For many smart and ambitious young people, there is a big educational choice: business school or law school. Paul Ollinger makes a hilarious case for the MBA over the law degree. Even if you ultimately choose law over business, you’re bound to enjoy this tongue-in-cheek comparison by Paul.
Among his many points in favor of the MBA? “Business school is 33% shorter than law school, which means 33% fewer classes, 33% less tuition, 33% fewer years of foregone income. There’s no Bar Exam or Continuing Legal Education (CLE). When you graduate from business school, you are an MBA and you are free to ‘practice business.’ Chump law school grads still have to pass the Bar Exam to practice law. Suckas.
“B-school guys are less douchy than law school guys. If you are in the market for a fella, then you’ll do great at b-school, which is a hot dog fest for smart, motivated dudes. It’s not as male-heavy as it used to be, but it’s still like shooting sausage in a barrel.”
When we launched our directory for MBA admissions consultants, we were lucky to have Fortuna Admissions as our launch partner. So we asked two Fortuna directors, Judith Silverman Hodara and Caroline Diarte Edwards to come to our studio and film a series of videos offering advice to MBA applicants. For years, Hodara evaluated applicants to the University of Pennsylvania’s Wharton School, where she was acting director at on point, while Edwards assessed MBA candidates to INSEAD as director of admissions.
Together, they have reviewed thousands of MBA applications. In our interview, we discuss the most common mistakes made by candidates who apply to elite business schools.
10) Handicapping Your Elite MBA Odds: Ms. Brand Manager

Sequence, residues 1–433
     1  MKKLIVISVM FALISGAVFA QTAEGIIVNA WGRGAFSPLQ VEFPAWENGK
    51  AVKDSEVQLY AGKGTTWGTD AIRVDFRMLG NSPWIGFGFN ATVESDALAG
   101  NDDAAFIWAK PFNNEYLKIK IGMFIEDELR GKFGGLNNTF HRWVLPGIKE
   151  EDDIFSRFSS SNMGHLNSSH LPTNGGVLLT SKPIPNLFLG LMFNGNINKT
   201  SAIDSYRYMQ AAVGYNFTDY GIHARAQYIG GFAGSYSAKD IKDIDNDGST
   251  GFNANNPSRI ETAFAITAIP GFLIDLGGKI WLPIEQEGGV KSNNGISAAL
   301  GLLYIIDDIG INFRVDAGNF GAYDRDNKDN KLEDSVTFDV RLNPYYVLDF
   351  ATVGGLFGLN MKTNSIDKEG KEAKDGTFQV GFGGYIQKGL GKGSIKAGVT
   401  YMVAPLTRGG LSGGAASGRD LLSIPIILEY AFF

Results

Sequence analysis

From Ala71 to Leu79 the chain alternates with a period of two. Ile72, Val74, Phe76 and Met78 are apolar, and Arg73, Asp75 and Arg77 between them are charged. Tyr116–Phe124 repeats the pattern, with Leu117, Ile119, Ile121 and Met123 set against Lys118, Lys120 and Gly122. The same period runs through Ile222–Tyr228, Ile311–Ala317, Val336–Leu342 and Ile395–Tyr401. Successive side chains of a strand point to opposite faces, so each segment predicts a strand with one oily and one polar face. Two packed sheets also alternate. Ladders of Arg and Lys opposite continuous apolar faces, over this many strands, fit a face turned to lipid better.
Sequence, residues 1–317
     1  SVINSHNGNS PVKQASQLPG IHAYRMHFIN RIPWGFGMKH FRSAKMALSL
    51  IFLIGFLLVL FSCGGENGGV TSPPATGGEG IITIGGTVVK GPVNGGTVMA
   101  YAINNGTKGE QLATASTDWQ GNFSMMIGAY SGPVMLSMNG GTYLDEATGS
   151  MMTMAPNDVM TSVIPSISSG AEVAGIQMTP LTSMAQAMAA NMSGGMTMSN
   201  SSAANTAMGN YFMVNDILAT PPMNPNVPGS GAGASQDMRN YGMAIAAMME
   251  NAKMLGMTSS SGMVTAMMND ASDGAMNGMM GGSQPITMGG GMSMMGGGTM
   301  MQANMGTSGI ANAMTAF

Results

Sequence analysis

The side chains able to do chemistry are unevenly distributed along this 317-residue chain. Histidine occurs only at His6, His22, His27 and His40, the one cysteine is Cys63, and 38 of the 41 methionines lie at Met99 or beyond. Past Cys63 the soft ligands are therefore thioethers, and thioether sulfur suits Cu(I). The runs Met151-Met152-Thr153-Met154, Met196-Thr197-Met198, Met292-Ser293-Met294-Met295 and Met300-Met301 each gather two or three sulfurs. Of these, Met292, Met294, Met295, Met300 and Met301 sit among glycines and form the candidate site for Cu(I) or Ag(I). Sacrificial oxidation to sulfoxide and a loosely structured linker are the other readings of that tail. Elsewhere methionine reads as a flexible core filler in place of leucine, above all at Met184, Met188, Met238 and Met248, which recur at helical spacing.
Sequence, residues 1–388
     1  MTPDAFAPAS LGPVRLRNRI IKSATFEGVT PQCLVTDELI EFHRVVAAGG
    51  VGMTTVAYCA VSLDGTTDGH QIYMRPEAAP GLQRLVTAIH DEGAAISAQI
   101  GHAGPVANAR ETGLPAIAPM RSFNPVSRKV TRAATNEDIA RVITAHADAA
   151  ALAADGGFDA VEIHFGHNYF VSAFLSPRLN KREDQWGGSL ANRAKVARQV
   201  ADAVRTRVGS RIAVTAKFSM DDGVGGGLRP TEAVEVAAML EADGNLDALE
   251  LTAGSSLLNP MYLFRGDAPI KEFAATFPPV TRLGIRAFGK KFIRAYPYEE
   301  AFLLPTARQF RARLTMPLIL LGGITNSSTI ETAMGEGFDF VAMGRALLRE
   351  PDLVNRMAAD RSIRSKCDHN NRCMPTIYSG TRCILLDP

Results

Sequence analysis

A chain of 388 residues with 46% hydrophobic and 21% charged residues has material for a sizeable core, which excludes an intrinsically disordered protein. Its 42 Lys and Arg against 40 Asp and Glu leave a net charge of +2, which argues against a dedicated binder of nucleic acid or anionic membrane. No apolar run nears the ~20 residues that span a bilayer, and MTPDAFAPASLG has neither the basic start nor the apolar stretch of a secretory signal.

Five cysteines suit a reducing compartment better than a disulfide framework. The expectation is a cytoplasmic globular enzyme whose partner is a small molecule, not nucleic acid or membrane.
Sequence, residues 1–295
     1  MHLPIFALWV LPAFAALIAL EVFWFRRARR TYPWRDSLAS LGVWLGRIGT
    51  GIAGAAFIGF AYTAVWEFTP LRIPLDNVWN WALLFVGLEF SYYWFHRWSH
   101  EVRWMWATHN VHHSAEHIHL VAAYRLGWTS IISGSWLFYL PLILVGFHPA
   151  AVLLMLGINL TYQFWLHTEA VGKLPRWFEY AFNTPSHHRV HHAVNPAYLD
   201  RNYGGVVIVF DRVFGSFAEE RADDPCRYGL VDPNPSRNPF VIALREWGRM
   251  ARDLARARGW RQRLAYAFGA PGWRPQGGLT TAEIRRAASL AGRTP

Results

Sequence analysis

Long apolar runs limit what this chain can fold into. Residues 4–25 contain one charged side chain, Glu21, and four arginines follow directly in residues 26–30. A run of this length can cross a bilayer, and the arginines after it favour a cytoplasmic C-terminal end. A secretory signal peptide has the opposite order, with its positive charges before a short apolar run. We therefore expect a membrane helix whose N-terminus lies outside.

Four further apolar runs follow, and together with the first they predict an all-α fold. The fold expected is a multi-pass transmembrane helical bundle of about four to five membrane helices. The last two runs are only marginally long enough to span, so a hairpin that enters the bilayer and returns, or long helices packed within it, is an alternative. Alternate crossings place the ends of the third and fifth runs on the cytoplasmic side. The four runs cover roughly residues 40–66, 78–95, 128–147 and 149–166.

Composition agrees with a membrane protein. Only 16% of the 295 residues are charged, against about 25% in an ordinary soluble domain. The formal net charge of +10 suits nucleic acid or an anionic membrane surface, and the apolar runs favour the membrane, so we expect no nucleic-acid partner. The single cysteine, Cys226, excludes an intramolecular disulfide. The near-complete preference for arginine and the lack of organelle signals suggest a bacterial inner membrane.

Every few months or so, I fly to Boston and meet up with Sandy Kreisberg, founder of HBSGuru.com, a leading MBA admissions firm. We drive together to a nearby video studio and tape these segments for our highly popular Handicapping Your Elite MBA Odds series on the site.
There are hundreds of MBA admission consultants. But there is only one Sandy Kreisberg, who reads the tea leaves of admissions at Harvard Business School like no one in the world, other than the director of admissions at HBS. What’s so refreshing about Sandy is his witty, tell-it-like-it-is style of evaluating MBA candidates. Most important, he’s know his stuff, having helped to guide thousands of applicants over the years.
In this video, we evaluate the chances of a young female professional who works as a brand manager for a major consumer package goods company. Andy and I get into a fascinating digression of sorts on what makes for a great recommendation letter in an MBA application. Sandy speaks about the need for an “inflated reference” to help an applicant stand out of the pile.